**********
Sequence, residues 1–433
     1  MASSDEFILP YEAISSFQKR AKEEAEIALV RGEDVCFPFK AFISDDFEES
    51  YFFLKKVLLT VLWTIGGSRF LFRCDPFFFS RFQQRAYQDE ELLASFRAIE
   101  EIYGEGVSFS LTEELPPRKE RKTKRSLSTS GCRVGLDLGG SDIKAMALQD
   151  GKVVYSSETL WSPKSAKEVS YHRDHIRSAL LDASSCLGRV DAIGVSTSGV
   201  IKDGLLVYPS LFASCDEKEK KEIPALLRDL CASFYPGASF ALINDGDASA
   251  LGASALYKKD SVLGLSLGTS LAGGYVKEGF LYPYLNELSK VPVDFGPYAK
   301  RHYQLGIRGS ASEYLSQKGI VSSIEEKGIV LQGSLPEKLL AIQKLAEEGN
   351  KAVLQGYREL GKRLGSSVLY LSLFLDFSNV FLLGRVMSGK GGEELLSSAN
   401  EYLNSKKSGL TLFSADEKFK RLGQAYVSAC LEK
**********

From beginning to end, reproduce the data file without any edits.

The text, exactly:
Sequence, residues 1–433
     1  MASSDEFILP YEAISSFQKR AKEEAEIALV RGEDVCFPFK AFISDDFEES
    51  YFFLKKVLLT VLWTIGGSRF LFRCDPFFFS RFQQRAYQDE ELLASFRAIE
   101  EIYGEGVSFS LTEELPPRKE RKTKRSLSTS GCRVGLDLGG SDIKAMALQD
   151  GKVVYSSETL WSPKSAKEVS YHRDHIRSAL LDASSCLGRV DAIGVSTSGV
   201  IKDGLLVYPS LFASCDEKEK KEIPALLRDL CASFYPGASF ALINDGDASA
   251  LGASALYKKD SVLGLSLGTS LAGGYVKEGF LYPYLNELSK VPVDFGPYAK
   301  RHYQLGIRGS ASEYLSQKGI VSSIEEKGIV LQGSLPEKLL AIQKLAEEGN
   351  KAVLQGYREL GKRLGSSVLY LSLFLDFSNV FLLGRVMSGK GGEELLSSAN
   401  EYLNSKKSGL TLFSADEKFK RLGQAYVSAC LEK